This is actually not about Dean Martin’s Christmas Classic which has suddenly been deemed inappropriate. It is about finding nearly everything inappropriate these days.
A new grade school principal recently demonstrated an overzealous interest in equality, in an attempt to eliminate all things Christmas from the Manchester Elementary in Elkhorn, Nebraska. The principal, (who seems to be a very misguided, but also a very kind and considerate person, so please don’t harass her or the school district ), sent an email to the teachers and staff of the school, the relevant portions of which are below:
Is that a ban on Christmas or what? It also sounds like there was a lot of confusion among the staff prior to the issuance of the email, doesn’t it?
“It seems that I have stumbled upon a “big rock” that I hadn’t anticipated.”
“I have unknowingly awoken a ‘sleeping giant’ with many of you.”
The new principal of Manchester Elementary must be a rock climber who had no intentions of backing down in the face of any giants. It seems that “Amy” was the principal last year. Amy offered a pretty “matter of fact” reference to school policy instead of the detailed itemization provided by the new principal. The school policy referenced by Amy has a few interesting references in it, but nothing which could rise to the level of the ban issued this year.
Policy 604.05 does say that “Celebrating religious holidays in the form of religious worship or other similar practices is prohibited.”
You might think this is a bad policy, but it is actually a good policy since there can be teachers with beliefs which are totally contrary to your faith. I would not want any teacher teaching children to worship trees or some variant of Zues, so I’m okay leaving worship to times and places other than the public schools.
However, the policy specifically states: “Christmas trees, Santa Claus and Easter eggs and bunnies are considered to be secular, seasonal symbols and may be displayed as teaching aids provided they do not disrupt the instructional program for students.” [emphasis added]
It also states: “Religious symbols, such as crosses, creches or menorahs may be used as teaching aids in the classroom provided that the symbols are displayed as an example of the cultural and/or religious heritage of the holiday and are temporary in nature”. [emphasis added]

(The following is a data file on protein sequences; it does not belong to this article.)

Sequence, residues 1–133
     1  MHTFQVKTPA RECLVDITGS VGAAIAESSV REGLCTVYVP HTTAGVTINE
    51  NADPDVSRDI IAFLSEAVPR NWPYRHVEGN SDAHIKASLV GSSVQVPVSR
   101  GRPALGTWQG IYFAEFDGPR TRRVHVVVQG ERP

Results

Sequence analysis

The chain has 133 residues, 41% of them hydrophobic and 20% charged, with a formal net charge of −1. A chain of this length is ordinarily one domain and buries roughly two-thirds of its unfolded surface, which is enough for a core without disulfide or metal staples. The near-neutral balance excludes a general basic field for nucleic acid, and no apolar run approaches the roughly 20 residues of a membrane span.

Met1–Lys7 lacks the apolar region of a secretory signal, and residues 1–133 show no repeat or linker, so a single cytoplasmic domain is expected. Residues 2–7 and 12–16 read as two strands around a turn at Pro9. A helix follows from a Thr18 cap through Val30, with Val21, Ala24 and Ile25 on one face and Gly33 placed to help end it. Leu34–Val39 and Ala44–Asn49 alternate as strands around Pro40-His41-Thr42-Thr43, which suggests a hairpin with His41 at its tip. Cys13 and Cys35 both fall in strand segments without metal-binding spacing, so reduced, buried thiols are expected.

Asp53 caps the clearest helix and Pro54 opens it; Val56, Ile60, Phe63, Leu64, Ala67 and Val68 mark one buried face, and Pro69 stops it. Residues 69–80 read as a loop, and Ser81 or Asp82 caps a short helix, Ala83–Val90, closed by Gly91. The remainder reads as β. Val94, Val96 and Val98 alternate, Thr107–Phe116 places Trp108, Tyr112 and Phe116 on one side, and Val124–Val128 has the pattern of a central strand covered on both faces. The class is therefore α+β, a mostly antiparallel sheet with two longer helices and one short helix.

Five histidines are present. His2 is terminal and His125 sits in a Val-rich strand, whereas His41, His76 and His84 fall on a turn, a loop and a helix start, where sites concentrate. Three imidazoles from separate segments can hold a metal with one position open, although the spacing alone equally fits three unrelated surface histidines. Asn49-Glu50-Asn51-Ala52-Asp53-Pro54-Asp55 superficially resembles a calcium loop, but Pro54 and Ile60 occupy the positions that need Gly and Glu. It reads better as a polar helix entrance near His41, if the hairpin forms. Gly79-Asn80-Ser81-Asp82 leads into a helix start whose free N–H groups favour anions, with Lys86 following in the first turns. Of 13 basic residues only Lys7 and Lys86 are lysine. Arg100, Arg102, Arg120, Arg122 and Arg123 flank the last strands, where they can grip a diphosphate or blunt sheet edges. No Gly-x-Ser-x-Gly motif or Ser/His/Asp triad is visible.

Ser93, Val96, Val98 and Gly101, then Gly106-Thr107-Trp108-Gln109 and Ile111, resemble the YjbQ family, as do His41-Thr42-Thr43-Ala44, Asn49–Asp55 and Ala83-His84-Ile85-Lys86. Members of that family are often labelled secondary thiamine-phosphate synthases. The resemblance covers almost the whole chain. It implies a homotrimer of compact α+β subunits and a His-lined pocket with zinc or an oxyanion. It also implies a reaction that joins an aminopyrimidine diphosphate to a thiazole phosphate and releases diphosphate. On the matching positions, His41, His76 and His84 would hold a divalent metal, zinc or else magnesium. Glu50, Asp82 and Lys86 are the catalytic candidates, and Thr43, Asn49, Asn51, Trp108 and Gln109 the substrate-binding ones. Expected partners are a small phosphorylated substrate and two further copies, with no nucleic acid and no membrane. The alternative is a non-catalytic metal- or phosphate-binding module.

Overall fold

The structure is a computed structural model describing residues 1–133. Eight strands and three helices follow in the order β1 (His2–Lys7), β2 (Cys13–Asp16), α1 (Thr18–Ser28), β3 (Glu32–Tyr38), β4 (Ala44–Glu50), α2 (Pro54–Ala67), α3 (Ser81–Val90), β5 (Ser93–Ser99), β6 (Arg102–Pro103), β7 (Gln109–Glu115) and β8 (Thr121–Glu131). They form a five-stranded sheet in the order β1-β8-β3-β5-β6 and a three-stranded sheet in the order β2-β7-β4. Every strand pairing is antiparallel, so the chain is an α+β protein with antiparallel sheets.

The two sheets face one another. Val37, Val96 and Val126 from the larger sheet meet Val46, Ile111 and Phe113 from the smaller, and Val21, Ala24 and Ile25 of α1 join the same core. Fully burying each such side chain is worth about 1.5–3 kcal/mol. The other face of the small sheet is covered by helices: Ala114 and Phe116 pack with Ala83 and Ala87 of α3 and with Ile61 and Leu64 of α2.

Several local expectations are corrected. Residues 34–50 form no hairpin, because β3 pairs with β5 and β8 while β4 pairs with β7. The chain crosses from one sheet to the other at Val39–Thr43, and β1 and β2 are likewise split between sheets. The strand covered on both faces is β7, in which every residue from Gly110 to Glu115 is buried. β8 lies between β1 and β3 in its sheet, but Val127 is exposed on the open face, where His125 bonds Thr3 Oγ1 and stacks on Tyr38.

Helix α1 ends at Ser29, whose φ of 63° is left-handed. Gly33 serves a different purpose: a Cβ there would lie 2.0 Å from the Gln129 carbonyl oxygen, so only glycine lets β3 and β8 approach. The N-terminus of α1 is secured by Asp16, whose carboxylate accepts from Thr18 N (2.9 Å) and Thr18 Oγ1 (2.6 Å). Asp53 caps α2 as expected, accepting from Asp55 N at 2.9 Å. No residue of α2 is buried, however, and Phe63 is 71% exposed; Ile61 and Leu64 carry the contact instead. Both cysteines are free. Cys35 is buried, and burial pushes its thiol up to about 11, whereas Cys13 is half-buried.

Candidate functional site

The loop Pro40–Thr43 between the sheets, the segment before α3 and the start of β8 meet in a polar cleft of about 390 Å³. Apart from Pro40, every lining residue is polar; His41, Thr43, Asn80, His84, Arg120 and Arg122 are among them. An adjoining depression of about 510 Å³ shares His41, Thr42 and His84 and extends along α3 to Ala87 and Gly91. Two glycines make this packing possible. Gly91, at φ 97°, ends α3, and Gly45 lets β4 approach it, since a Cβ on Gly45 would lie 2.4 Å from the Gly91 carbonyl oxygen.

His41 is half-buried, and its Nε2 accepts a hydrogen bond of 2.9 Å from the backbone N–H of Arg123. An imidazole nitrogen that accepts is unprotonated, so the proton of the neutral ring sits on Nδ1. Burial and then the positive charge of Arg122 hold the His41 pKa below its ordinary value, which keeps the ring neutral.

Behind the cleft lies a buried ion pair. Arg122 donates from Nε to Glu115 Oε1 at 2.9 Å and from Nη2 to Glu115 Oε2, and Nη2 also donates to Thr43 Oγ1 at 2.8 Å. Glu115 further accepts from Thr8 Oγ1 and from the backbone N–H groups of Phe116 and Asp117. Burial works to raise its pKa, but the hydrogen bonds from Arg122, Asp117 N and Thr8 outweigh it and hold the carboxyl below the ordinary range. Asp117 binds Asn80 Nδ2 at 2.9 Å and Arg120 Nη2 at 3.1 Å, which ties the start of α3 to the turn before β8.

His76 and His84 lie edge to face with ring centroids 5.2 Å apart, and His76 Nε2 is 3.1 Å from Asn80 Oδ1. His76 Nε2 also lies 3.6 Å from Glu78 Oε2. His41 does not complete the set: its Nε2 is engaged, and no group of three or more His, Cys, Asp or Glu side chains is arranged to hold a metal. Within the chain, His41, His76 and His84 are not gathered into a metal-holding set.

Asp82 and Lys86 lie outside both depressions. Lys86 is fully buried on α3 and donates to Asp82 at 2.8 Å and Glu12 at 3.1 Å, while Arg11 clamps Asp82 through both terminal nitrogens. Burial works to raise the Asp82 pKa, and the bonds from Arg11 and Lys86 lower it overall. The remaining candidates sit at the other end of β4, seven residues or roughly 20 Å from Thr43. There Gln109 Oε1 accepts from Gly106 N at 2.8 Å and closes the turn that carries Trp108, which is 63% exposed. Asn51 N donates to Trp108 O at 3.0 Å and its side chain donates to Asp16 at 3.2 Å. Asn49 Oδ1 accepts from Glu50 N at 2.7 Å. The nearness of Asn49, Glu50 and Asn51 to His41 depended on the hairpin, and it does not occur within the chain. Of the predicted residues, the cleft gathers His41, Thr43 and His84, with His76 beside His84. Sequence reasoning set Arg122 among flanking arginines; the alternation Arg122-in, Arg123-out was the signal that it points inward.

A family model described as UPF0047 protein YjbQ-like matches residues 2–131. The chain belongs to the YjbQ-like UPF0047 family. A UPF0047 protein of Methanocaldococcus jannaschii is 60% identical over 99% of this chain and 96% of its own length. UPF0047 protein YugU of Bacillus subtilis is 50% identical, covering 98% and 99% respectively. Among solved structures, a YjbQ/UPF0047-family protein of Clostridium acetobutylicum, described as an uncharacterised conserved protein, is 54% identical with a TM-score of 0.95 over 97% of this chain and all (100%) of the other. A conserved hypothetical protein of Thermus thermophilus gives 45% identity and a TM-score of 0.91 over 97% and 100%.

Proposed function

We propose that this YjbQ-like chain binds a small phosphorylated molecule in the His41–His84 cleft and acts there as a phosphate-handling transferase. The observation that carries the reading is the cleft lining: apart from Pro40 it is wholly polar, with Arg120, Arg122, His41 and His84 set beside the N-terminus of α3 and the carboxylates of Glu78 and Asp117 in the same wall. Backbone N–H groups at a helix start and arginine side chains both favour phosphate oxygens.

If a cross, a creche (a nativity scene with Mary, Joseph, Jesus, etc…) Christmas tree or Santa Claus is acceptable under the school district’s policy, how can playing Christmas music be deemed unacceptable? Secular Christmas songs are abundant. Rudolf the Red Nosed Reindeer, Frosty the Snowman, Jingle Bells, etc…, are all childhood favorites which promote no particular faith at all. Why eliminate this from a teacher’s options if they want to add some joy to the school day?
I was in Bethlehem and Nazareth last Christmas, and in those cities, which are about 99% Muslim, there are huge Christmas trees and nativity scenes in their town centers. If Muslims are okay with Jesus, why are we banning Him from our public schools in which the student body is predominantly Christian?
The official polices allow it.
According to the policy, it would actually be permissible for a teacher to play a Christian Christmas song such as Joy To The World, as long as the teacher used the opportunity to teach why Christians have tied “joy” to Christmas for centuries. That would certainly be pushing it if the environment were anti-Christian at Manchester Elementary, but it would be perfectly in line with the policy.
How about the candy cane prohibition? I’m not a big fan of candy canes. I’ve been a Christian for fifty years, and I have never heard that the red and the white colors of a candy cane are supposed to symbolize Christ’s blood and resurrection. Nor have I ever heard that they are bent in the form of a “J” for Jesus. Although, I may think of candy canes in a much more positive way now.
Also, do we really have to refer to certain cookies as people, as in “gingerbread people“?
Did the principal of Manchester Elementary expect her staff to intentionally spend the next 30 days selecting wardrobe combinations which did not have both red and green as colors? Apparently that may cause the principal to go through the uncomfortable procedure of directly questioning whether their wardrobe selection was a coded attempt to convey a Christian message to unsuspecting grade schoolers.